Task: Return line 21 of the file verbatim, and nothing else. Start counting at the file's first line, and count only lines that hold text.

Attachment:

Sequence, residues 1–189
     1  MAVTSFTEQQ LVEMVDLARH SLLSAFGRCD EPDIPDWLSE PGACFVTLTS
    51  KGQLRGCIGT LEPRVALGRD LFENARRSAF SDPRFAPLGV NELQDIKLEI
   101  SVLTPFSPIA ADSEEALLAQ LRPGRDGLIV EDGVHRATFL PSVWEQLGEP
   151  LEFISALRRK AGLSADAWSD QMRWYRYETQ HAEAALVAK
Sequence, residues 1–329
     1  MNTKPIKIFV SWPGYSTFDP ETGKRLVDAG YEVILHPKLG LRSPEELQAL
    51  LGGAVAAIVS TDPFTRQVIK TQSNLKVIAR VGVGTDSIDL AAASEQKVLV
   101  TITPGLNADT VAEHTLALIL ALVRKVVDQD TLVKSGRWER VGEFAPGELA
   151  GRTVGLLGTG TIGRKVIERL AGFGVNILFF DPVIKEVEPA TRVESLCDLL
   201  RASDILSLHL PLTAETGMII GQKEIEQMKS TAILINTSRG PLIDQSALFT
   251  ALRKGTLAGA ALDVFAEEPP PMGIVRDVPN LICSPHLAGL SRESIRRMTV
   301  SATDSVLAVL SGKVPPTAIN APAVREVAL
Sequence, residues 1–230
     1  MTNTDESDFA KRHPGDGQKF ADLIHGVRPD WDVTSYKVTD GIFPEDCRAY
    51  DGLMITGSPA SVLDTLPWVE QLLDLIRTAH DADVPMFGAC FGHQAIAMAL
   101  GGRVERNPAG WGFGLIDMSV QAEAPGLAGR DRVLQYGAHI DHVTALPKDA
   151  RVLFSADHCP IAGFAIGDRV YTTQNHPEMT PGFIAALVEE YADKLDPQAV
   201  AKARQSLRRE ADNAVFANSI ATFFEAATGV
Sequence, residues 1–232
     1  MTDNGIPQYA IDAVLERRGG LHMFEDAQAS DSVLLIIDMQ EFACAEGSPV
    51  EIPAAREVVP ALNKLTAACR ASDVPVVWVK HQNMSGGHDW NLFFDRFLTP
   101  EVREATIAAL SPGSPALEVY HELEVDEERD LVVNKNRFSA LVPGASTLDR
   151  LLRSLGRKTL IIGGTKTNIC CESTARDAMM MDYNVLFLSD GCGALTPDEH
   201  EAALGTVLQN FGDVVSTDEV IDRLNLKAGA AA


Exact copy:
     1  MTDNGIPQYA IDAVLERRGG LHMFEDAQAS DSVLLIIDMQ EFACAEGSPV